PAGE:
Productivity and Models

I wrote a post on BloombergView yesterday, arguing that there are good reasons to think that demand stimulus would lead to an increase in labor productivity.  Here, I want to dig a little more into the numbers and the issues.  They are, I think, an interesting illustration of the key intellectual problem that we face in macro.

 I use two data sets: the CBO forecasts of potential GDP from August 2007 and the 2015 data from the most recent total factor productivity (TFP) data release from the San Francisco Fed.[1]  Both center on the non-farm business sector. In 2015:

  • Real output was about 15% lower than forecast.
  • Labor input was about 6% lower than forecast.
  • Capital input was about 18% lower than forecast.
  • Total factor productivity was 5% lower than forecast.

(By the way, I found these numbers to be completely shocking – but perhaps that’s just me.)

I’ll now sketch a couple of stories (models?) that are consistent with these facts, but have differing implications for policy and future growth. 

The Exogenous Story 

Suppose we view:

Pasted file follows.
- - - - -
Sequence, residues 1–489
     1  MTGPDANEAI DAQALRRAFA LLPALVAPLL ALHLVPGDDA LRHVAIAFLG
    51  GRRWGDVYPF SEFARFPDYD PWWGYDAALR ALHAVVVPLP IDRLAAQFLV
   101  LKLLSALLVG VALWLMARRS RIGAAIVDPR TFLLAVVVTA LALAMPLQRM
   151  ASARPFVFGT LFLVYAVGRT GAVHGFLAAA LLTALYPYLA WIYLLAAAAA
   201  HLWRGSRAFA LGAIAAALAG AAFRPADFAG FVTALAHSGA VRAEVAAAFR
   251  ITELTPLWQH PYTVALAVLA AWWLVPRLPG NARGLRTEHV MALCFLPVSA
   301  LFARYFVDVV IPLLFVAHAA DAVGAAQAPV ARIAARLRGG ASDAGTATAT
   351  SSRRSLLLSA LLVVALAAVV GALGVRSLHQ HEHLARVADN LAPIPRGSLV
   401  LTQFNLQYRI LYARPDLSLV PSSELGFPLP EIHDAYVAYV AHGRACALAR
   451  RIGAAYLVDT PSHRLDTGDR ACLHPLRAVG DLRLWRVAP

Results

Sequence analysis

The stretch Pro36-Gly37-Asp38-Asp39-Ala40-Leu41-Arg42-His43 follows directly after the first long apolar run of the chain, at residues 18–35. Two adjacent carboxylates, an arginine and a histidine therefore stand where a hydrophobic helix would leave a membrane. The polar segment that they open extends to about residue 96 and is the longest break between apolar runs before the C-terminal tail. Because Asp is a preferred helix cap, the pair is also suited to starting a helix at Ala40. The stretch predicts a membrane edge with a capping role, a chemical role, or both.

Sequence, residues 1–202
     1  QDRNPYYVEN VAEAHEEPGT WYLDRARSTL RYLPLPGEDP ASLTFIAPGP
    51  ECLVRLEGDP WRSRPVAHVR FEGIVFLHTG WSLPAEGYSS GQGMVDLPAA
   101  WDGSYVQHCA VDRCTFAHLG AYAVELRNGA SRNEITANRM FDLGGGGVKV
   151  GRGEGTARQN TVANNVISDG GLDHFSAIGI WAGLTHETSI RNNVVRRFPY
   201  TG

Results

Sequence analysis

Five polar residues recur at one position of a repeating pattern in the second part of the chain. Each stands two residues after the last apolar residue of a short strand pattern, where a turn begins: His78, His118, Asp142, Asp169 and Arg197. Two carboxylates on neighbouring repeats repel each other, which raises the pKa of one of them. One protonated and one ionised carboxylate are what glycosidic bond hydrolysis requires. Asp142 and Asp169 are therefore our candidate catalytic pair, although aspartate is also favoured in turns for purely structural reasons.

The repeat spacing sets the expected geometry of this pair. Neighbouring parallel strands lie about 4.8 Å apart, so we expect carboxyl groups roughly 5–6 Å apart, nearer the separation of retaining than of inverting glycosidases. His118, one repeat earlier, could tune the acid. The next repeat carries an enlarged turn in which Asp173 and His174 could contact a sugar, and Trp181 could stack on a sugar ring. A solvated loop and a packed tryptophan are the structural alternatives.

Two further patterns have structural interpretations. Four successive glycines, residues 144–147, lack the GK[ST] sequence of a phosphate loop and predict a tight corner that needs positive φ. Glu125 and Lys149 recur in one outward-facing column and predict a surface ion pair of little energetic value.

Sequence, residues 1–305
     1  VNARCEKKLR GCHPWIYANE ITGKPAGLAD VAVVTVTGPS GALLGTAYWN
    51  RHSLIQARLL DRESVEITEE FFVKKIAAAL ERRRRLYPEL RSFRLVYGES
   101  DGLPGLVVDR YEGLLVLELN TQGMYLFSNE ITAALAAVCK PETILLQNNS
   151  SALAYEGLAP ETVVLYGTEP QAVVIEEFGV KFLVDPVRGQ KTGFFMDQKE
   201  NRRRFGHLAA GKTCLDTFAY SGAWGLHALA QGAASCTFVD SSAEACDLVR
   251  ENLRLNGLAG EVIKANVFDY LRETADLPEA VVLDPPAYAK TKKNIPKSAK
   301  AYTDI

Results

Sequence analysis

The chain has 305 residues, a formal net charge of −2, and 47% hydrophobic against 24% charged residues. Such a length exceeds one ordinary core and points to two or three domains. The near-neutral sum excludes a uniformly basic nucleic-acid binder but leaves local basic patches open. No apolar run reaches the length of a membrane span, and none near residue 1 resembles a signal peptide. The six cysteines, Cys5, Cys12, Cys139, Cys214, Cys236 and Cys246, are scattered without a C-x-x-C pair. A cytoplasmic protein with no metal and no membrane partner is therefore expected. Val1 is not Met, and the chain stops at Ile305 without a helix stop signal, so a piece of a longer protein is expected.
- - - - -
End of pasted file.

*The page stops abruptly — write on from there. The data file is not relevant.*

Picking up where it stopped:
• the fall in labor input as primarily due to the CBO’s missing key (exogenous) birth-cohort effects in labor supply[2]
  •  the fall in TFP is due to a permanent shock to an exogenous process that is a near unit root around a trend.
  • TFP is expected to grow less rapidly than in 2007, leading to a fall in potential growth of about a percentage point. 

If you put all these together, you would conclude that capital is not much below its BGP.  This is the “it’s about as good as it gets” view of the economy.   

The Endogenous Story

In this story, I think of labor input as endogenous, and ignore the cohort effects mentioned above.   I think of TFP as being a stock variable, influenced by investment in R&D, in implementation of ideas, and perhaps public capital. (See NBER WP 22005 for a model along these lines.Under this interpretation, TFP has a BGP, just like capital.